Altaf Qadri, Associated Press
This week, Hindus around the world celebrate Ganesh Chaturthi, honoring the religion's most memorable god.
The festival commemorates the birth of Ganesh, "the patron of arts and sciences (and) the deity of intellect and wisdom — identified by his elephant head," The Huffington Post reported. Participants perform special prayers and chants over a 10-day period.
"On the 11th day, devotees carry (a) Ganesh statue through the streets in a procession accompanied with dancing, singing and fanfare to be immersed in a river or the sea," The Huffington Post explained.
The story stated the celebration this year begins Friday and ends Sept. 8.
The New York Times reported on the Hindu Temple Society of North America's celebration that began Aug. 22 in Flushing, Queens, noting that more than 10,000 American Hindus are expected to attend the event that ends Sunday.
"More than 400 gallons of milk, 100 boxes of apples, 50 crates of bananas and five kilograms of sandalwood paste will be used," the Times reported. "And each day, dozens of liters of ghee, clarified butter, will be ladled into the fire pit for the homam, or fire ritual, which is believed to carry offerings to the lord."
A slideshow of festival photos attached to The Huffington Post's article illustrates how bright outfits and decorations enhance the celebratory atmosphere.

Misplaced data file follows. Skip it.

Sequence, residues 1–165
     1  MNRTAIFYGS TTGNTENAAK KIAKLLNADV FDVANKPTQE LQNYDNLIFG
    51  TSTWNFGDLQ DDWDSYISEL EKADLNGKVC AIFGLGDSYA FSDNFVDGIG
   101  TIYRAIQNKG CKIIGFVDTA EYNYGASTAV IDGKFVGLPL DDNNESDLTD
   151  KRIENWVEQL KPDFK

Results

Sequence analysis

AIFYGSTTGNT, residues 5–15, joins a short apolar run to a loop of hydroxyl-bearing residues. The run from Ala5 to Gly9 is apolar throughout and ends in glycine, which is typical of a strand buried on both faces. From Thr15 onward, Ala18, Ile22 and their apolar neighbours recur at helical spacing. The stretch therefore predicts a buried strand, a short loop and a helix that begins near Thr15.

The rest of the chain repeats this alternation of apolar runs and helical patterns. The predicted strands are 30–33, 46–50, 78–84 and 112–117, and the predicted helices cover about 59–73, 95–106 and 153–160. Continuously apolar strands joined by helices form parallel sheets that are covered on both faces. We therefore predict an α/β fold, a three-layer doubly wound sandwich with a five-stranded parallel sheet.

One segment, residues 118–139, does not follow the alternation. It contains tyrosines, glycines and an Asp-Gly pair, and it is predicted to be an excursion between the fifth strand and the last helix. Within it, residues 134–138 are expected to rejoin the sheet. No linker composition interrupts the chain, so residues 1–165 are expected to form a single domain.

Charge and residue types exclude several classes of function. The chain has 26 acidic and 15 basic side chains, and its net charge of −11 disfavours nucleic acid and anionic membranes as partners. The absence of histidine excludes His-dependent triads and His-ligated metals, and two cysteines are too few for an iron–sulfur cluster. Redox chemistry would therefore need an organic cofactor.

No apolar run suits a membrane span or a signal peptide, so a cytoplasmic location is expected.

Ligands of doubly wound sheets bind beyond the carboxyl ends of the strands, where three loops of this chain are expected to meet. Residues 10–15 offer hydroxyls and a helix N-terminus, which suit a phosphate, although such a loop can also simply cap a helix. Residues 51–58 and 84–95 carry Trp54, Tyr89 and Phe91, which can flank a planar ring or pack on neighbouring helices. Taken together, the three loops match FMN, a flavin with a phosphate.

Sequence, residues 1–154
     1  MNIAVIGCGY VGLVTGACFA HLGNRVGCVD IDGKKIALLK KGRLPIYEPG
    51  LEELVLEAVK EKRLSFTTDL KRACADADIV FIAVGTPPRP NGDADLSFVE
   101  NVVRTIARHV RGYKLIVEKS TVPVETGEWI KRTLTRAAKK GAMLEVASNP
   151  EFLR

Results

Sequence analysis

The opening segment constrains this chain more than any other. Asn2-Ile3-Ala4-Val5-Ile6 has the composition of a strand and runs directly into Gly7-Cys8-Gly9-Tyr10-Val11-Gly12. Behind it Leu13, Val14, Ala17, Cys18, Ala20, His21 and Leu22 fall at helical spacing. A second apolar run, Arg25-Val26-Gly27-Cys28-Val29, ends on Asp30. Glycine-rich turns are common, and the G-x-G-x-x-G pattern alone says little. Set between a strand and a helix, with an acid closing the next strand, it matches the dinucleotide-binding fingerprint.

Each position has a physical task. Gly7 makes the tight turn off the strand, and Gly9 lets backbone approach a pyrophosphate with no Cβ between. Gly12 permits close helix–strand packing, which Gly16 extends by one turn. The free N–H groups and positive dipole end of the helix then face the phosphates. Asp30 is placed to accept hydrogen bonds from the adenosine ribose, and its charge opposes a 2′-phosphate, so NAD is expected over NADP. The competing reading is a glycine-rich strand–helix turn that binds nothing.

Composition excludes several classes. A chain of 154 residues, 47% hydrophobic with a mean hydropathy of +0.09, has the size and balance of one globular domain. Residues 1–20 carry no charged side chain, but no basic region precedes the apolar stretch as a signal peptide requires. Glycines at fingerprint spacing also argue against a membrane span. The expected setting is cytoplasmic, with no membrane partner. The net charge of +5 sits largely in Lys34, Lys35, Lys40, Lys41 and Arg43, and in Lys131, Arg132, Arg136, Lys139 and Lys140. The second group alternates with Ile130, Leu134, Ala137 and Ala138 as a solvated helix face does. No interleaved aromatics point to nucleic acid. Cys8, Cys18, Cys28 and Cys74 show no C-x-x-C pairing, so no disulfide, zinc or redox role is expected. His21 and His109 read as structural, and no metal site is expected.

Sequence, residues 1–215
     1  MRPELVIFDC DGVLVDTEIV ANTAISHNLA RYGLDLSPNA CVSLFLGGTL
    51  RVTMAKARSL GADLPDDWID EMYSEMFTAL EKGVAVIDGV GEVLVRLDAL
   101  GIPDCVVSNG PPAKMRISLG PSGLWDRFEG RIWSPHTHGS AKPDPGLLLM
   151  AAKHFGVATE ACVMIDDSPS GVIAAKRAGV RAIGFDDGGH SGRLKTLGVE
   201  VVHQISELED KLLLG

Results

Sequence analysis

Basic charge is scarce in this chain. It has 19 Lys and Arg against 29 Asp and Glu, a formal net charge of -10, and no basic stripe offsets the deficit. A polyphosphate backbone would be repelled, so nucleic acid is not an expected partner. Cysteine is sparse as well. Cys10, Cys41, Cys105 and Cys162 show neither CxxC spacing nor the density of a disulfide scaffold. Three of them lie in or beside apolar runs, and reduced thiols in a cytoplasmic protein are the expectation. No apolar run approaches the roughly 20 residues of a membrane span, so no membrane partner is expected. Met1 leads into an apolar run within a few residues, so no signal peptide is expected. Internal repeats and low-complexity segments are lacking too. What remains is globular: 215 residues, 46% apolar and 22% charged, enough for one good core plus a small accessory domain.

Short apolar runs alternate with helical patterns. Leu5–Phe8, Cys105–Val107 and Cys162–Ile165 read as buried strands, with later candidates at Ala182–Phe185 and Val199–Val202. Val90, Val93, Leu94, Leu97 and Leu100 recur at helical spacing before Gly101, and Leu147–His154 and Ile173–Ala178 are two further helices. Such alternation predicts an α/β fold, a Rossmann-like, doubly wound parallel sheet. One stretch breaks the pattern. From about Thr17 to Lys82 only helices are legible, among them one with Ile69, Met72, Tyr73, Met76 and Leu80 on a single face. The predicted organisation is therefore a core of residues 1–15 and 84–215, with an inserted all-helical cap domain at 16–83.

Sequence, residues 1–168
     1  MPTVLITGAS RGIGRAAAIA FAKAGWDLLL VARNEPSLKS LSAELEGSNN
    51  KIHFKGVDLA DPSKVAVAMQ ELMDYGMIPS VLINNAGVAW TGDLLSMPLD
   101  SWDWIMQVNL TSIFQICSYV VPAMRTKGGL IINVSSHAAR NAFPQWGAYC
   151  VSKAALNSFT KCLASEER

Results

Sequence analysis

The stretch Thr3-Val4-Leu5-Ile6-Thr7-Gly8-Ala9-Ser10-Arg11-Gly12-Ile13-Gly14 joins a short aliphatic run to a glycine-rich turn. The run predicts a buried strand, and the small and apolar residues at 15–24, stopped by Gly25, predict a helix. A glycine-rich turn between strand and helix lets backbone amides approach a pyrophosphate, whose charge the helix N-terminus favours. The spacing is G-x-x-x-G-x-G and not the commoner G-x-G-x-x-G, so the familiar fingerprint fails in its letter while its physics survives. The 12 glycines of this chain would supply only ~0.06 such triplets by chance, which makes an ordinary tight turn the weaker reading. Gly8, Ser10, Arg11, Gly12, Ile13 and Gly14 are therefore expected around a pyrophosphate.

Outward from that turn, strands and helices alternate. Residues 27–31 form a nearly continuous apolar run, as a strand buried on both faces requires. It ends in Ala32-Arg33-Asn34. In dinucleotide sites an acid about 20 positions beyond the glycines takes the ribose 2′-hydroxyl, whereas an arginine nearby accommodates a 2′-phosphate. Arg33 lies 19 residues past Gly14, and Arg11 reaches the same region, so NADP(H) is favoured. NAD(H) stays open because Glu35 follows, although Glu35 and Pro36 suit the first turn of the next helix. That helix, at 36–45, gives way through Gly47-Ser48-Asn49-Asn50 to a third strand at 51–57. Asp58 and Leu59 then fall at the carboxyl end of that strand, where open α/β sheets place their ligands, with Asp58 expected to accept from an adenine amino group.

The New York festivities highlight the importance of holidays like Ganesh Chaturthi in the lives of the Hindus who practice outside of India, Hinduism's country of origin. "Like Easter for Christians or the High Holy Days for Jews," the festival instills a sense of community that is sometimes missing, the Times reported.
In a new report on the spread of the world's biggest religions, Pew Research Center reported that Hinduism is notable for its concentration in India.
"No major religion is more concentrated in one country than Hinduism, which has remained close to its geographic origins. More than nine in 10 (94 percent) of the world's 1 billion Hindus live in India," Pew noted.
In an earlier examination of the global religious landscape, Pew reported that of the estimated 1 billion Hindus in the world, 2.25 million reside in North America.
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